Even if you are a parent and have not managed to interest your child in sport and exercise before adolescence it is never too late. If an activity can be seen as 'cool' or adventurous then a teenager will still be attracted to it. The important thing is to put your offspring in contact with activities that would help them lead a healthy lifestyle.

School sports are often a great way to find something in which a child might be interested. Equally doing something as a family might trigger the enthusiasm for which you work. It is certainly true that many teenage boys and girls respond to peer pressure so it would make sense for a smart parent to steer their child towards those who would provide a positive environment in a sport or activity.

Football, or soccer, tennis, cricket, athletics, Rugby or cricket clubs would provide just the right mix of enjoyment, activity, social interaction and positive influence a growing person needs. Even joining a gym would help. Often the experience is enhanced if a group of friends the same age join an appropriate organization.

Following criticism as one reason why children get little exercise, computer game companies are now responding to the need for exercise. Nintendo are the best example, producing their Wii system with the ability to play various sports by replicating the actions of the players. A wide range of activities are now represented and can be great fun for the whole family. Other computer game manufacturers have produced active games too.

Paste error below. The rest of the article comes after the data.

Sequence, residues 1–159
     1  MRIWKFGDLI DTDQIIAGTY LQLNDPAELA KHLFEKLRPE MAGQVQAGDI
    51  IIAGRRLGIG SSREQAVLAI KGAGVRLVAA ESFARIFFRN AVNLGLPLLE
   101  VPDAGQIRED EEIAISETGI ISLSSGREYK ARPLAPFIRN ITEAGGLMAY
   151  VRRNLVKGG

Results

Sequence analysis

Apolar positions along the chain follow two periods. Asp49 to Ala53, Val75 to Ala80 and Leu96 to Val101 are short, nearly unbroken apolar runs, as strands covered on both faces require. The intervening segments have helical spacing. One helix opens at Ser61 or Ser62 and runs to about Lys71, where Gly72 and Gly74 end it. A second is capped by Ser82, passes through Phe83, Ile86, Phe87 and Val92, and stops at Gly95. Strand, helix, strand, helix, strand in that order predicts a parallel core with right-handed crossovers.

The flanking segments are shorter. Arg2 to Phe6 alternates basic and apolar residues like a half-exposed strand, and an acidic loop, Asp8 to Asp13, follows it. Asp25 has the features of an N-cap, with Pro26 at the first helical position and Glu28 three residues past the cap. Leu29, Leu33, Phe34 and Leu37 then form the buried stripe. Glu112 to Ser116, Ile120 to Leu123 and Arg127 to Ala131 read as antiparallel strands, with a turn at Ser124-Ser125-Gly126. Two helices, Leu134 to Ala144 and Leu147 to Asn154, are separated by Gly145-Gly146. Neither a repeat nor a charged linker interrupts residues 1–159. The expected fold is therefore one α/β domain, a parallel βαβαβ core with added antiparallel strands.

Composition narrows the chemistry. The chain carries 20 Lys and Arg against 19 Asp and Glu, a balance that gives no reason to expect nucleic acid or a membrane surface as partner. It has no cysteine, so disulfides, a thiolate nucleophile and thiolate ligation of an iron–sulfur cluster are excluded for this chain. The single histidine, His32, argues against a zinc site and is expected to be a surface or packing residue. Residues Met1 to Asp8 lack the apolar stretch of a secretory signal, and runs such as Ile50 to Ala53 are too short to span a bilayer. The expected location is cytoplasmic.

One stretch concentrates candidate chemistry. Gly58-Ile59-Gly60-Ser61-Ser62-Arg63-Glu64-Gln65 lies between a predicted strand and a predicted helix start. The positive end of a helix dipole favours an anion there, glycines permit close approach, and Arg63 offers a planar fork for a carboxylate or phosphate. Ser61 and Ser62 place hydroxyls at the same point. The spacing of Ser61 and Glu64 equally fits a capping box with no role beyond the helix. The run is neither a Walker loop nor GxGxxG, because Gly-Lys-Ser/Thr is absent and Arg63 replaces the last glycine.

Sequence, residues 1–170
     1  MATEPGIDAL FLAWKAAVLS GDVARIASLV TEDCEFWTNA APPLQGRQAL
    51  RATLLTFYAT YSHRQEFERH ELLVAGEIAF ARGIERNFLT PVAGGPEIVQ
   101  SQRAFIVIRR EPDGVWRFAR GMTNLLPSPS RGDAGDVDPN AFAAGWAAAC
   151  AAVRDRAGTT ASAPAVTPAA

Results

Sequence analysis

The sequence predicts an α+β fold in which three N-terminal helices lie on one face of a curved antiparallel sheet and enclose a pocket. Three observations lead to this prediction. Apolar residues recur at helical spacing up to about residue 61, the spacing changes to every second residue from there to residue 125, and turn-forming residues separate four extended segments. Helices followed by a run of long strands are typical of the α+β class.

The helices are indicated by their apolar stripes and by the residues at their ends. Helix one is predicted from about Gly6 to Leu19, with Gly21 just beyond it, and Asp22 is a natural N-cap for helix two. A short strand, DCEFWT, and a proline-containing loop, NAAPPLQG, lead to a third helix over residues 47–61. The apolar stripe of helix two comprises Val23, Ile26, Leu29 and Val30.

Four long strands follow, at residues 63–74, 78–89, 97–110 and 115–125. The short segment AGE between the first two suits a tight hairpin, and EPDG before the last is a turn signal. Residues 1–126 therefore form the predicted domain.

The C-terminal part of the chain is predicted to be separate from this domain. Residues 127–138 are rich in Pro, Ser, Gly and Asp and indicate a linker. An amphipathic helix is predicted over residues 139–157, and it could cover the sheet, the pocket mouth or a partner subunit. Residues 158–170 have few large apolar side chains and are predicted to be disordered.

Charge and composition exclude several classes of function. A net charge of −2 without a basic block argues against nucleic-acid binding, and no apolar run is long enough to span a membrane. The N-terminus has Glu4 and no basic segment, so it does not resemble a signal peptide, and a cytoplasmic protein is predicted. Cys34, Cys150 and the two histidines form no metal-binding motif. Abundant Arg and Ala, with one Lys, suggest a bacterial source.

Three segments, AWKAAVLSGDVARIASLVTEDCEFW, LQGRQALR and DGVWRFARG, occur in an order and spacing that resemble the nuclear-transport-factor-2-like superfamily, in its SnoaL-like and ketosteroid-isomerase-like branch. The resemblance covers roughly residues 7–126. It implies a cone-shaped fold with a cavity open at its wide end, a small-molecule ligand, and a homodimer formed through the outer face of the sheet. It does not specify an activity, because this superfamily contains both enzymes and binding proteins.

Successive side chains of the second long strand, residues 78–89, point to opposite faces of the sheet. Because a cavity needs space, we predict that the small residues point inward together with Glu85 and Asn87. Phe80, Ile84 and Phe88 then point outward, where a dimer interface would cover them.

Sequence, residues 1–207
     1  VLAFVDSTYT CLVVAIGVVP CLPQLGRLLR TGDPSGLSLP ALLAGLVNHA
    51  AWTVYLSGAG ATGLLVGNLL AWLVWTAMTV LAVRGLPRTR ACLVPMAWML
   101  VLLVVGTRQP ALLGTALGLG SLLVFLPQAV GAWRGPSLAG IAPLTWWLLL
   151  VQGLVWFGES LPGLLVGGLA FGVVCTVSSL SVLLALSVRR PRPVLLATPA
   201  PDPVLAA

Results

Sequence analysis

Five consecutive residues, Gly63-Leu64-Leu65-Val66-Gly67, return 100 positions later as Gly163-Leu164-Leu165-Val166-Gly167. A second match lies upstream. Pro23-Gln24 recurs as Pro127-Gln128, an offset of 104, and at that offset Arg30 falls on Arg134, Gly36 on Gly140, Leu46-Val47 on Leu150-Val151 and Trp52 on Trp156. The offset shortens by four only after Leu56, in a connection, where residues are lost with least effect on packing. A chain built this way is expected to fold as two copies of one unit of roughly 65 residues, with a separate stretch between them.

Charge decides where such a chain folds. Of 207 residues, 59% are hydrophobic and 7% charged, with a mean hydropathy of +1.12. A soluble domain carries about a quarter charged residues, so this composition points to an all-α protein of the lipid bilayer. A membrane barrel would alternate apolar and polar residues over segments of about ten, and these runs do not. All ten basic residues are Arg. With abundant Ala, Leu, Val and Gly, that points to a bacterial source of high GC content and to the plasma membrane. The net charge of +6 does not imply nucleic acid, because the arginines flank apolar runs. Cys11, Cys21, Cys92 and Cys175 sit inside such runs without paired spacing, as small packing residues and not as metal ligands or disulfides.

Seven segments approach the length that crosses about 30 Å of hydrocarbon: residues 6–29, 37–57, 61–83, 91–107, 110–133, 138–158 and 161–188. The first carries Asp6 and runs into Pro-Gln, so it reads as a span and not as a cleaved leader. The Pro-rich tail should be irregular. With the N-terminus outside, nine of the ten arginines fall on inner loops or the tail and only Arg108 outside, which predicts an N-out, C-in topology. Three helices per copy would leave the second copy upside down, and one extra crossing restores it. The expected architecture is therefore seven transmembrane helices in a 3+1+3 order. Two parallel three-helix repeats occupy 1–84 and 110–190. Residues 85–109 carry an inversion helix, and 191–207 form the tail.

Among the most popular are those where the player follows dance steps or even create their own. Obviously dancing is an excellent way to exercise and appeals to teenagers in particular.

But by far the best activities for health are those that take place outside in the fresh air. There are many activities available as part of a family activity, with a club or an organization such as the Scouts, Guides or one of the cadet forces. Mountain biking is a relatively new sport that has gained great popularity but other activities that may attract adolescents include adventure camping, hillwalking, hiking, sailing or scuba diving.

There are other benefits to outdoor sports, other than the healthy exercise it gives. Learning and experiencing a new activity will give a group of youngsters a shared experience and bind them as a group. New friends will always be made and social skills are developed.

My own experience includes hillwalking and I have seen young people arrive to an expedition shy and often with social challenges and depart at the end with new found skills and confidence. Indeed some legal bodies are experimenting with schemes to encourage problem teenagers to try outdoor activities, especially walking expeditions and yacht sailing. Putting such youngsters under mental and physical stress to achieve a shared goal means they often lose the negative influences and energies that get them into trouble.

Organized sports are not the only way to get your teenager active however. Other interests can involve healthy activity. Quite a few television programmes get people interested in gardening for example and it is possible for youngsters to get interested in horticulture by watching a parent or grandparent working in the garden, especially if encouraged to help out. In any case, a busy adolescent will be more physically active and less likely to lounge around being lazy! The skill is to get them interested and broaden their minds and their body will follow.

It may seem impossible at times to get a youngster interested in healthy habits but the right approach early enough can provide dividends throughout the rest of his or her life. There is no doubt it is worth the effort.

Keith Braithwaite has had twenty years in and keenly observing direct selling. He is an accredited Proto-col affiliate. Other passions include personal development, painting, drawing, photography cycling, walking and the outdoors generally.